Budget provides reprieve for Penticton taxpayers
The budget deed is done, and there will be no more damage to taxpayers than last year.
Penticton council unanimously agreed to close deliberations on Tuesday after whittling down the deficit to a net zero change in the budget from 2011.
Mayor Dan Ashton said the outcome sets Penticton apart from other municipalities in B.C.
“Minus 0.5 last year and zero this year. That’s unprecedented in the province,” he said, adding that “We keep working on our efficiencies, our productivity and effectiveness at delivering services. Staff is a huge part of this.”
Ashton credited zero-based budgeting — requiring each manager to start at zero and justify each expenditure’s value before addition — and a collaborative review that involved more than 40 staff from all departments.
After whittling down the $2.1 million deficit to nothing, the 2012 budget was completed ahead of schedule. “It’s earlier than ever before. It allows us to get on with a lot of things in the spring before the city fills up with visitors,” Ashton said.
Chief finance officer Doug Leahy said he was able to breathe a sigh of relief on Wednesday after three intensive days of discussions that covered every single city department, its services and capital plans.
“It’s the first year we’ve done this format. It’s quite a drastic change, and it’s already given us some ideas for 2013. There was a lot of material to digest, and hopefully it was informative,” he said.
Three tweaks to the capital budget helped trim spending, which included reducing the allowed amount for the proposed deer cull by half to $10,000. Staff reports had indicated the cost to have a contractor cull one deer is approximately $150. The remaining budget would mean at most 66 deer could be culled, but Ashton explained it was a difficult item to budget because the city still needs to examine the ungulate population and a host of other factors.
“It’s all subject to a count. It’s all subject to approval from the province,” he said. “There’s all sorts of extenuating circumstances. We know it’s an issue. We want to deal with the issue and deal with it in a humane fashion.”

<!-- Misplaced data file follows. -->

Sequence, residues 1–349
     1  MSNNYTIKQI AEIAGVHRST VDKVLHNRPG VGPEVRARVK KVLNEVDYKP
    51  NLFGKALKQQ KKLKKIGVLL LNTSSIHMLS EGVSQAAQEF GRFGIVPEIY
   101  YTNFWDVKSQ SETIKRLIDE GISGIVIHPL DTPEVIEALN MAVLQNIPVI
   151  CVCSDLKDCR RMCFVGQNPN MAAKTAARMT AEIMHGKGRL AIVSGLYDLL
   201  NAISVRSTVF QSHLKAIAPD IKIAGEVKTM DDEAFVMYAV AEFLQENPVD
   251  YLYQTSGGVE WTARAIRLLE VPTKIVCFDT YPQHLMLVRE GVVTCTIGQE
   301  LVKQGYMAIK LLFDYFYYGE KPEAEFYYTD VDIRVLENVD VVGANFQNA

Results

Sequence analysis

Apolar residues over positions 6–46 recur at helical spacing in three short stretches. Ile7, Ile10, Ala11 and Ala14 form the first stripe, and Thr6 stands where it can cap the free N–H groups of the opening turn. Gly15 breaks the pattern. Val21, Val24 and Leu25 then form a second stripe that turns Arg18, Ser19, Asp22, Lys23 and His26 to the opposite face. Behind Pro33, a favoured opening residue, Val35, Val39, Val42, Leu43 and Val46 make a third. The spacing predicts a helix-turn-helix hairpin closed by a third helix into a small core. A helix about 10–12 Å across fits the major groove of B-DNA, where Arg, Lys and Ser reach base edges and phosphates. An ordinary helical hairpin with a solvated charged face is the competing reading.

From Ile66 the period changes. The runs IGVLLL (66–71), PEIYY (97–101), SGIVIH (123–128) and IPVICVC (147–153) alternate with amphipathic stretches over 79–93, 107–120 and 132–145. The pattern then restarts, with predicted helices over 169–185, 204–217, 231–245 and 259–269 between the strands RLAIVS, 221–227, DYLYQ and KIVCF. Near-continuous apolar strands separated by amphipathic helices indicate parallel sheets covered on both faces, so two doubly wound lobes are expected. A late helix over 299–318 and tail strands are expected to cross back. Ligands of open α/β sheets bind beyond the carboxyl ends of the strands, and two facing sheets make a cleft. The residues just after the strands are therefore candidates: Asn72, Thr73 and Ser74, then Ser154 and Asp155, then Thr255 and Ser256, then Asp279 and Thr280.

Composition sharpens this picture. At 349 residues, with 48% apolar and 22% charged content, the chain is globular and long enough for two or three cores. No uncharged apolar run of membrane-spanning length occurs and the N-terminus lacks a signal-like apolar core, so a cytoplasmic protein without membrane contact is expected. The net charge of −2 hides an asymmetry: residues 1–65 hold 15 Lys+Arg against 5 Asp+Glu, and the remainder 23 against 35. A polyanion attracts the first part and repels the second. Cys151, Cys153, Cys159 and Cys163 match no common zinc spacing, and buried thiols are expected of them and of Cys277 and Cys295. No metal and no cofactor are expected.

Street light pole inspections will also be scaled back to $15,000 from $75,000, and $25,000 upgrades to the coaches and locker room at the South Okanagan Events Centre have been deferred pending additional information from Global Spectrum. On the operations side, the recreation department will have to come up with an additional $70,000 in revenue from anticipated increases to user fees.
Council also decided to unanimously cover any remaining shortfall with the $800,000 surplus from 2011, topped up with a portion of $400,000 from the interest stabilization reserve fund.
Budget deliberations Tuesday afternoon had to involve council returning to the issue of providing grants to groups seeking financial support in the community.
Seven new civic grant requests were made by a various groups in the community, but only one received approval — the South Okanagan Health Fair received its one-time request of $6,000 for the first phase of establishing itself as a year-long program.
The remaining applications, as well as requests for increases to grants already provided, were denied.
Coun. John Vassilaki said he had been angry they couldn’t make allowances to accommodate the additional requests, particularly for groups servicing seniors and children.
“It really, really upset me that they choose one or another. I’d like to see everything fair for everyone,” Vassilaki said.
Ashton said a review will take place for the policy.
“Council is fully aware of the incredible work and services provided,” he said, adding they are trying to come up with ways to be as equitable as possible.
Three readings of the budget bylaw must be passed, which are scheduled to be heard before final adoption which is tentatively set for the first council meeting in February.